| Aug 23, 2013
| 3:20 PM
Courant readers have been paying close attention to my colleague Jon Lender's stories on state government officials hiring relatives for summer jobs in their departments. It's a dispiriting enough tale to have caught the attention of Gov. Dannel P....
| Aug 19, 2013
| 3:18 PM
Last week's killing in Massachusetts of Jennifer Martel shows once again why domestic violence is so difficult, yet so essential, to curb.
Massachusetts Attorney General Martha Coakley is right to call for a review of this terrible case and of the...
| Jan 25, 2013
| 3:46 PM
You wonder why the cost of higher education is going through the roof?
The Boston Globe recently reported that John F. O'Brien, dean of New England Law, Boston — formerly the New England School of Law — rakes in $867,000 a year in salary and...
| Apr 26, 2013
| 6:10 PM
One of the driving principles in the live and late-breaking world of TV news is to just keep moving on. Don’t dwell too long on yesterday’s mistakes, or you’ll miss today’s big story.
But the mistakes made by social media and...
| Jan 29, 2013
| 3:39 PM
WASHINGTON (Reuters) - John Kerry's nomination as President Barack Obama's new secretary of state sailed through the Senate on Tuesday, as his fellow senators voted overwhelmingly to confirm him to replace Hillary Clinton as the country's top diplomat....
| May 27, 2013
| 10:58 PM
As a neurological disease robbed Barbara Brenner of her voice, the fiercely outspoken activist still managed to be heard.
She corralled technology, speaking through a text-to-voice application on her iPad and blogging about the concerns —...
| Feb 28, 2013
After a tense decade of air raid sirens, duck-and-cover drills and fears of Soviet superiority, hope for America came in an unlikely form in the late 1950s: a lanky, 23-year-old Texan with a head full of curls and huge hands that ranged across a piano...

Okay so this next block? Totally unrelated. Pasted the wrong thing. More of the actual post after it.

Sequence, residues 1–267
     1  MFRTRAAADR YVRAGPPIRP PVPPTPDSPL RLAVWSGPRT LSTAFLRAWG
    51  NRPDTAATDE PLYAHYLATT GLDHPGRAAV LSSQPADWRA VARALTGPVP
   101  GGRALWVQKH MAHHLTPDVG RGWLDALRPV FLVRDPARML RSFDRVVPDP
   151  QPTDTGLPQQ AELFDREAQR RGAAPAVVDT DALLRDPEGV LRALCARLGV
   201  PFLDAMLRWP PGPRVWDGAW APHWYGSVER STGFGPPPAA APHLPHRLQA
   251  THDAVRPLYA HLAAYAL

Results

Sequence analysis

| Apr 20, 2013
Al Neuharth, the newspaper mogul who in 1982 made a $1-billion gamble called USA Today that earned derision for its emphasis on brevity, flashy graphics and upbeat stories but endured to become the nation's largest-circulation newspaper, died Friday in...
| Mar 6, 2013
| 5:20 PM
The Chicago Tribune has won three national awards for its series “Playing With Fire,” an investigation of toxic flame retardants and the deceptive campaigns that two powerful industries waged to promote the chemicals.
Among the awards is...
| Mar 6, 2013
| 11:14 AM
You look at Hannah Kearney’s record beginning with the 2010 Olympics, and you figure it has to be a misprint.
I mean, how does anyone win the Olympic gold in freestyle moguls and then 18 of the next 21 events on the World Cup circuit –...
| Feb 21, 2013
| 4:43 AM
Chicago diners who think they are eating red snapper may actually be munching on goldbanded jobfish.
Those who order Alaskan cod may really be tucking into a threadfin slickhead. And fans of yellowtail could just be getting a fish tale.
These are some...